The Andrews Labor Government is helping women and children escape family violence – with their pets - through a new program to house and protect at-risk animals.
Safe Steps completes risk assessments for thousands of families every year – about 3,500 family violence victims identify that their pets are at serious risk of harm or even of being killed.
Pets are often used as weapons by perpetrators of family violence to punish and control women and children.
Fear of harm to pets can be a reason why women do not report – or delay reporting – family violence to police.
The Government has invested $100,000 for the Safe Steps Family Violence Response Centre, Lort Smith Animal Hospital, the RSPCA and the Municipal Association of Victoria to work together to help women, children – and their pets.
In one example, a 57-year-old woman who had just left an extremely violent relationship was able to receive emergency boarding for her dog through Lort Smith, with Safe Steps arranging for the necessary vaccinations and veterinary assessments. When safe, pet-friendly accommodation was found, she was reunited with her dog.
Studies have shown that violence against animals has a similar psychological impact on a woman as if she was being abused herself. Animal abuse is also considered a ‘red flag’ as perpetrators who abuse animals often use more dangerous forms of violence and controlling behaviours towards their partners.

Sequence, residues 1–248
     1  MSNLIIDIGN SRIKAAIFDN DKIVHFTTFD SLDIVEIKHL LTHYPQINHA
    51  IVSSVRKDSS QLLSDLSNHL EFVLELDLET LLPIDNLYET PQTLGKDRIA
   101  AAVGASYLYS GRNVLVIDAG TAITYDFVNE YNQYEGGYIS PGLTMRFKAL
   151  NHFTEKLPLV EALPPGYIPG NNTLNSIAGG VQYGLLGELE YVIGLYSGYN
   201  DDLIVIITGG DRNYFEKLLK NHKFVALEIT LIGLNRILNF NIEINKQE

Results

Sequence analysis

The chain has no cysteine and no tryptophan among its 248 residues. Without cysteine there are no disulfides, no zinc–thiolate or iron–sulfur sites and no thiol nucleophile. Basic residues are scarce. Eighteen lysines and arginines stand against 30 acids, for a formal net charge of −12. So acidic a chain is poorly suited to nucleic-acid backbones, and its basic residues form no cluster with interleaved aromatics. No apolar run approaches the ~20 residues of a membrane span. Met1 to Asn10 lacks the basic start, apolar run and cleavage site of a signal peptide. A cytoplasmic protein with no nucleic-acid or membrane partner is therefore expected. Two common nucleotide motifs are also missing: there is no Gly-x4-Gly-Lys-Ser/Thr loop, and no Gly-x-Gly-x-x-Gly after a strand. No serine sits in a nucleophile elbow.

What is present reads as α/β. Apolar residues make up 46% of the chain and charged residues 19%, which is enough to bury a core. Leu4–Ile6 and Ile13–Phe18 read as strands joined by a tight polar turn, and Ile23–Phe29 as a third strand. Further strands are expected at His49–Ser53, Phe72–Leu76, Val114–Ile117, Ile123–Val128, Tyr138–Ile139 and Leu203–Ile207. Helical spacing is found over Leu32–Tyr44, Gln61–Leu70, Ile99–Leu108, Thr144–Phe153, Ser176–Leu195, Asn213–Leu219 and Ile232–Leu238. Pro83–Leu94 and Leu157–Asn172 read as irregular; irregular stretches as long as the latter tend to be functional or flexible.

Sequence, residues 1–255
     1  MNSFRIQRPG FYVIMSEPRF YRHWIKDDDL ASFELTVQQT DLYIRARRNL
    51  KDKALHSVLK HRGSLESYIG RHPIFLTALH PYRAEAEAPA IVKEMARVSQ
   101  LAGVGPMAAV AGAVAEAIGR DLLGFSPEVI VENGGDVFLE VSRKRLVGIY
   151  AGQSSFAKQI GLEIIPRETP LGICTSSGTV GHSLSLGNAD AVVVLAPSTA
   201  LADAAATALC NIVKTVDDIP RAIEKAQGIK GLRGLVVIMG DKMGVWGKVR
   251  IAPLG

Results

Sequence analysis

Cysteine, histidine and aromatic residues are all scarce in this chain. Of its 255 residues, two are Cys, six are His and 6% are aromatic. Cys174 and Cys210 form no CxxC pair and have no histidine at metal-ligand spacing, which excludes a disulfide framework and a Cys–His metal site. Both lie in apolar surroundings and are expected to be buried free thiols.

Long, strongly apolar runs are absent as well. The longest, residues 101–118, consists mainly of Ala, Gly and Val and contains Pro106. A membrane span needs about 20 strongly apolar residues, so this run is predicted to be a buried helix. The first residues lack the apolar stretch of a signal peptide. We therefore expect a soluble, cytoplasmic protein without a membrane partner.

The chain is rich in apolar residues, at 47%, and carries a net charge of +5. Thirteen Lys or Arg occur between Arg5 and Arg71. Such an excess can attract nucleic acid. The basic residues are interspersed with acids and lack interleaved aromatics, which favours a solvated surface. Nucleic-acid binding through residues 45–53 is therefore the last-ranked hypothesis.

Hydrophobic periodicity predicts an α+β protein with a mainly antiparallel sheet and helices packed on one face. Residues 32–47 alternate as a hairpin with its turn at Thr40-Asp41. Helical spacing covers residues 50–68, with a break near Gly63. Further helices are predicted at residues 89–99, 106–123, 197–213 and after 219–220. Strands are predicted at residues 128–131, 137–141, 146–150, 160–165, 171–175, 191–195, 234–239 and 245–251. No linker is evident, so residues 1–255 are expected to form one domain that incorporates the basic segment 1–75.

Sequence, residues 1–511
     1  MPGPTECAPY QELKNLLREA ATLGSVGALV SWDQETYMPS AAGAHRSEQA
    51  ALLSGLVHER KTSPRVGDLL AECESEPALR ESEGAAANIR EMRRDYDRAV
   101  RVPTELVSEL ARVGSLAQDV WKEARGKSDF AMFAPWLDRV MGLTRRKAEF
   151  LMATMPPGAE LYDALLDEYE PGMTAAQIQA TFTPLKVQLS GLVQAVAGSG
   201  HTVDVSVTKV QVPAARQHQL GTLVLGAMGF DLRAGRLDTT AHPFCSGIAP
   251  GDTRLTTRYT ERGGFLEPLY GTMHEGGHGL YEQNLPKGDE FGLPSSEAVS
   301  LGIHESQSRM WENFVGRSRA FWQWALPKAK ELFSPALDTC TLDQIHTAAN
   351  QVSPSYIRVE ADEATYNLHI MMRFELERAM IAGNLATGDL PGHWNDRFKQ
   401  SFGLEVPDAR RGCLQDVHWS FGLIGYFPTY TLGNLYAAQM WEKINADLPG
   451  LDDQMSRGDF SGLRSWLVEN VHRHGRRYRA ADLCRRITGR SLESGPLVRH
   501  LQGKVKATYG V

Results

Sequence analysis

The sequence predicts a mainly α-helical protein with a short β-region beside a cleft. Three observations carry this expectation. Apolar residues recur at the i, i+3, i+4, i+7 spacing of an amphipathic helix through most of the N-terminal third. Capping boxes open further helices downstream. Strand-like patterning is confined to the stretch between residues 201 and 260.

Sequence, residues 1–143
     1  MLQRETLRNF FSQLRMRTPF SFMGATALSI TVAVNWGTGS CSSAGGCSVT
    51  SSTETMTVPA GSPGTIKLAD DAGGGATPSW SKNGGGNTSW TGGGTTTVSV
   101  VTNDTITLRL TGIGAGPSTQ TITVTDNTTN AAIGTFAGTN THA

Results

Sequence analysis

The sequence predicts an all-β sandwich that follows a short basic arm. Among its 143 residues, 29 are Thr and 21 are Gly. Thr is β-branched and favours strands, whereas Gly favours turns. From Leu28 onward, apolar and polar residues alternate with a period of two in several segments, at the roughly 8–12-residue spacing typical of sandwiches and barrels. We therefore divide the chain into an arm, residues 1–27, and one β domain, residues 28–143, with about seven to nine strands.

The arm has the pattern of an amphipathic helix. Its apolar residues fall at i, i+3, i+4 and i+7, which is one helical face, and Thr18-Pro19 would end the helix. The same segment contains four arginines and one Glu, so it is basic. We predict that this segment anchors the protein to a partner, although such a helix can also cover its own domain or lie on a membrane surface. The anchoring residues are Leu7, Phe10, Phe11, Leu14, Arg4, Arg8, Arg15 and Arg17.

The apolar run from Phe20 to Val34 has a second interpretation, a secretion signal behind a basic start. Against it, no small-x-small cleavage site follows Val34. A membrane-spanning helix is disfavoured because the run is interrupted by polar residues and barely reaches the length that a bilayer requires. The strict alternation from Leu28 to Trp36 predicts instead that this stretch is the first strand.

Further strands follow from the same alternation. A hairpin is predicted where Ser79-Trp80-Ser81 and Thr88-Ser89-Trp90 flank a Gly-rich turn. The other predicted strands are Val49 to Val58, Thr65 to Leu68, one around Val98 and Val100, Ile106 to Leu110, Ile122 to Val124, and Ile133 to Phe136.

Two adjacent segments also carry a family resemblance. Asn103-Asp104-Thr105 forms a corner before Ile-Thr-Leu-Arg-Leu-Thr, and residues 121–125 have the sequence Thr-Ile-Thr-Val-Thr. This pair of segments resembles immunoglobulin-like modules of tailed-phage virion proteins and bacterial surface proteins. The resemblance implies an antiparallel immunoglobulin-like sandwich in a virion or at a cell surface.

The Government is implementing all 227 recommendations of the Royal Commission into Family Violence. The Pets in Crisis program also supports Victoria’s 10-year Family Violence Strategy.
Quotes attributable to Minister for Families and Children Jenny Mikakos
“We know that one of the reasons that can prevent women from leaving violent relationships is because they're worried about their pets."
"By finding safe accommodation for pets, this vital program helps protect women and children from family violence.”
Quotes attributable to Safe Steps CEO Annette Gillespie
“The Pets in Crisis program has allowed Safe Steps to work with partner agencies – including the Lort Smith Animal Hospital, the RSPCA and Animal Aid and the Victorian Municipal Association – to build a framework for a statewide referral pathway for pets and animals put at risk from family violence.”
“This means when women contact Safe Steps and disclose they have concerns about their pet, or are hesitant about leaving a harmful relationship because they are concerned about being removed from their pet, that a safe emergency care arrangement is immediately available.”
Reviewed 19 August 2020